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On loyalty and the fine art of being Oscar Robertson

One of the stories my dad liked to tell about his years at the University of Cincinnati involved a spontaneous trip to the drive-in theater with a couple of guys frugally shoved into the trunk.

One of those guys was my dad, a 6-4 defensive lineman, and the other, so the story goes, was his friend and fellow athlete Oscar Robertson.

I met up with Mr. Robertson last night at the Red Smith banquet and asked him about that trip.

“We were pretty big guys,” he laughed. “I think it would have been hard to fit both of us in a trunk.”

In addition to their height, the two men shared a lifelong affiliation with their alma mater, UC. Both men have been inducted into the school’s athletic hall of fame, and, after graduating and playing professionally, both men returned to campus to further their education. My dad earned his master’s degree during the football off-seasons, and Mr. Robertson earned a doctorate of humane letters in 2007.

The following year Robertson received a lifetime achievement award for philanthropy and entrepreneurship.

Called the Big O, Robertson earned unprecedented success on the basketball coach and was named “Player of the Century” by the National Association of Basketball Coaches.

He was NBA Rookie of the Year in 1960-61, played in 12 straight NBA All-Star Games, was selected to the All-NBA First Team nine consecutive seasons, won the NBA Most Valuable Player Award in 1963-64, and helped the Milwaukee Bucks win the NBA Championship in 1971. He was elected to the Naismith Memorial Basketball Hall of Fame in 1979 and named to the NBA’s 50th Anniversary All-Time Team in 1996-97.

Throughout his mind boggling professional, collegiate (in 2006 he was named to the inaugural class of the National Collegiate Hall of Fame) and Olympic accomplishments (he won a gold medal), Robertson remains loyal to the teams whose jerseys he wore.

He attends nearly every Cincinnati home game and took over as interim head coach in 2004 during UC basketball coach Bob Huggins’ month-long suspension for drunk driving.

He maintains ties to Wisconsin as well and he and his wife Yvonne travel here frequently. In fact, my dad used to see him every year at a pro-am gold tournament in Milwaukee.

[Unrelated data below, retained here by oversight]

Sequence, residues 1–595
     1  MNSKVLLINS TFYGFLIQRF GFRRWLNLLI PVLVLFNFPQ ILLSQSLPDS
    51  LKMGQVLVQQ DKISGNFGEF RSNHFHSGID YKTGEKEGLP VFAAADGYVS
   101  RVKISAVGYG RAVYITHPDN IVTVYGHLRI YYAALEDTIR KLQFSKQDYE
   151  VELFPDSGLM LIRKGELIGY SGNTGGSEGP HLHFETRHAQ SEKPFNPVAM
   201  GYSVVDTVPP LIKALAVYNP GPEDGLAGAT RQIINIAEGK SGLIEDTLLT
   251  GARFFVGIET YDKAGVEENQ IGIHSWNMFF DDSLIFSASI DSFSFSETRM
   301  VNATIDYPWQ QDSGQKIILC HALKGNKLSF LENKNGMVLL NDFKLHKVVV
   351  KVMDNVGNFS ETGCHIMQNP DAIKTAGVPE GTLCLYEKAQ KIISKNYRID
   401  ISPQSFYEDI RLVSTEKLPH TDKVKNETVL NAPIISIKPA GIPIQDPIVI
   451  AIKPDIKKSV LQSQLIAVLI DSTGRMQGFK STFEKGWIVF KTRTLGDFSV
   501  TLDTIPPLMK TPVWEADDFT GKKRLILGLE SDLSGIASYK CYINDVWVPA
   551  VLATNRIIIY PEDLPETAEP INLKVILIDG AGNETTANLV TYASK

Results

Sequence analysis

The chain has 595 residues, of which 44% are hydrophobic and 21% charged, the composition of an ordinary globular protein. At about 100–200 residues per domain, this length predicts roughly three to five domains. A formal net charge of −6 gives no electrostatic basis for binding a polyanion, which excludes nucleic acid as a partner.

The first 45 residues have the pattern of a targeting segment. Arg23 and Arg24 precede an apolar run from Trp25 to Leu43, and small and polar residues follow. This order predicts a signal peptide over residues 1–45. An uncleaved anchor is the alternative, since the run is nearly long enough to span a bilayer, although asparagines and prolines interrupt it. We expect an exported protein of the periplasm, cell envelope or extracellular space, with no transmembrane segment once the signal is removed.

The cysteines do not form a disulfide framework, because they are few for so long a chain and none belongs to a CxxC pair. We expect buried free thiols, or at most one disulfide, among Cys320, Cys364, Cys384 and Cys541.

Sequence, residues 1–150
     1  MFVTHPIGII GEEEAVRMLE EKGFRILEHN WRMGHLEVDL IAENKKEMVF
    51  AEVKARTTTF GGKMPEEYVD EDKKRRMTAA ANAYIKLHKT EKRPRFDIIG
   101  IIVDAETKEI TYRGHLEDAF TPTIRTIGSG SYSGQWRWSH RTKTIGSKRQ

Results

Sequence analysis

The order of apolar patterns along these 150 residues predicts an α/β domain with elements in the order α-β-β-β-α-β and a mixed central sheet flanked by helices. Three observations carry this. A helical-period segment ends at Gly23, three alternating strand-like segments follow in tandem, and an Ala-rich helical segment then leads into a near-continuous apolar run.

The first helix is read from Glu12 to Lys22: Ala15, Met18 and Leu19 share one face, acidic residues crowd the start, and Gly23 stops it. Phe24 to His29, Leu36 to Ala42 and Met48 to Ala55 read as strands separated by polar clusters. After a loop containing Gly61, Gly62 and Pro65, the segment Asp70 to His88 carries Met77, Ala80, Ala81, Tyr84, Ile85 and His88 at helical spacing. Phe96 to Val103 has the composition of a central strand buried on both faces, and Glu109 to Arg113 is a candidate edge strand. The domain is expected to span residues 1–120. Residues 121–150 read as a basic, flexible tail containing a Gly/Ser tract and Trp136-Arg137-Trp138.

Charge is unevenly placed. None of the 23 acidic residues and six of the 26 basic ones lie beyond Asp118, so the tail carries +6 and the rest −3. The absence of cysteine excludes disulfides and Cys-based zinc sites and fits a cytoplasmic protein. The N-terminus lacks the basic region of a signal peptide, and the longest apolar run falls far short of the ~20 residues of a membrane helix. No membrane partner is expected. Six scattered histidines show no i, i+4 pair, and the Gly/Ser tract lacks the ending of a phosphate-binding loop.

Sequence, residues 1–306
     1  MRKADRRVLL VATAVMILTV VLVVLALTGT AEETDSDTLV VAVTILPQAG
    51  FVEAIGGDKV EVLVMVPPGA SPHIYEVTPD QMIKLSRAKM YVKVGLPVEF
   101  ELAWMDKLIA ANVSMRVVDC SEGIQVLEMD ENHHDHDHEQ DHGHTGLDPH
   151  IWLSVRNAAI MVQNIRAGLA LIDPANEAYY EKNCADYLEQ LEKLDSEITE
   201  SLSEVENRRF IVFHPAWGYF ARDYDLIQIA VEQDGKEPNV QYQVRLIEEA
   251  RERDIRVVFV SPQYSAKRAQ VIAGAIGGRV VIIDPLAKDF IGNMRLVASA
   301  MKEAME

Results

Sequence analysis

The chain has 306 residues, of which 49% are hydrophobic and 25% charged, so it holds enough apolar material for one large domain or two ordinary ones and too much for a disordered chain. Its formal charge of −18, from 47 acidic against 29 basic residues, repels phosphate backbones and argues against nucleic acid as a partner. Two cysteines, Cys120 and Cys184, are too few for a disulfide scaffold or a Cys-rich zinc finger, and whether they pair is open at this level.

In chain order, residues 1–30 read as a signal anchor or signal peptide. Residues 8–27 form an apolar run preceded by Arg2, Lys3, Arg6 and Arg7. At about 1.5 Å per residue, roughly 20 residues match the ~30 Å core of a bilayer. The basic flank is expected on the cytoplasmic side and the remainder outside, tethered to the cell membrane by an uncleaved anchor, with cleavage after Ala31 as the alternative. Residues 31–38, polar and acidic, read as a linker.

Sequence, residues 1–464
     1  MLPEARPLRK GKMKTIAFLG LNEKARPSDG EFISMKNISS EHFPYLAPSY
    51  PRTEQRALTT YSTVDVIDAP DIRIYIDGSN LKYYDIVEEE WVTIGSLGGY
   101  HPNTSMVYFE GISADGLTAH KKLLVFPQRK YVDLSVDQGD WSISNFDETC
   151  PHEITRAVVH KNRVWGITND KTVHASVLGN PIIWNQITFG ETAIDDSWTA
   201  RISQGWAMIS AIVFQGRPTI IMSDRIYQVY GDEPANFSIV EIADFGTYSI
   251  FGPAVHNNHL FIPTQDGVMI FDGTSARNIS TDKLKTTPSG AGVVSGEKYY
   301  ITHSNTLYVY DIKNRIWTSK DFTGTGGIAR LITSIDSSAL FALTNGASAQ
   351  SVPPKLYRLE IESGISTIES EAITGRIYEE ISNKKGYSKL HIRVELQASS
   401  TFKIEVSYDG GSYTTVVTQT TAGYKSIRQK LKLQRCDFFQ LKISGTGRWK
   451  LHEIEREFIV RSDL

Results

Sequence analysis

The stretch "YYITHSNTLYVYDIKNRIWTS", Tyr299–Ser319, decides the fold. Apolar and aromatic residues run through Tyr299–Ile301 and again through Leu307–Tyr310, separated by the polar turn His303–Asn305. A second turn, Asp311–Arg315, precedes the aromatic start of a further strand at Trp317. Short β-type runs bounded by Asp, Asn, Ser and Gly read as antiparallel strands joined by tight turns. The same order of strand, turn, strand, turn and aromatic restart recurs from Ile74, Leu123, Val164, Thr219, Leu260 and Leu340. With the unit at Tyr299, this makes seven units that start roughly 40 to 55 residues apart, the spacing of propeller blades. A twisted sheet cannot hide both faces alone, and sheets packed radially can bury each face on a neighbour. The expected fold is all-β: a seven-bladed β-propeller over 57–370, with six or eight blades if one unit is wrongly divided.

Oscar Robertson’s rise to fame did not come easily; he battled poverty and discrimination along the way.

Still, loyalty to his teams, his alma mater, his family and his sport, remains his legacy as much as all of those incredible athletic accomplishments.

Ron Kostelnik and Oscar Robertson

Here are Oscar Robertson and my dad, two proud UC grads. Oscar graduated a year ahead of my dad, but the two men kept in contact through the years.

Oscar Robertson statue

Today, a statue of Oscar Robertson stands on the University of Cincinnati campus.

Laura and Oscar Robertson

I met up with Mr. Robertson when he was in town last night to receive the “Nice Guy” award at the annual Red Smith Awards Dinner.

Oscar Robertson team photo UC

Oscar Robertson was named College Player of the Year after both the 1958 and 1959 seasons. Since 1998, the United States Basketball Writers Association has called their college player of the year award the Oscar Robertson Trophy.

 

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Posted on January 21, 2015, in Sports, Uncategorized and tagged , , , , , , , , , . Bookmark the permalink. 3 Comments.

  1. Nice posting. Mr. Robertson’s autobiography is intelligently and thoughtfully written — thanks to you, it’s on my list to read again. Cheers!

  1. Pingback: 10 reasons you want to be a Badger basketball fan | Molly B and Me

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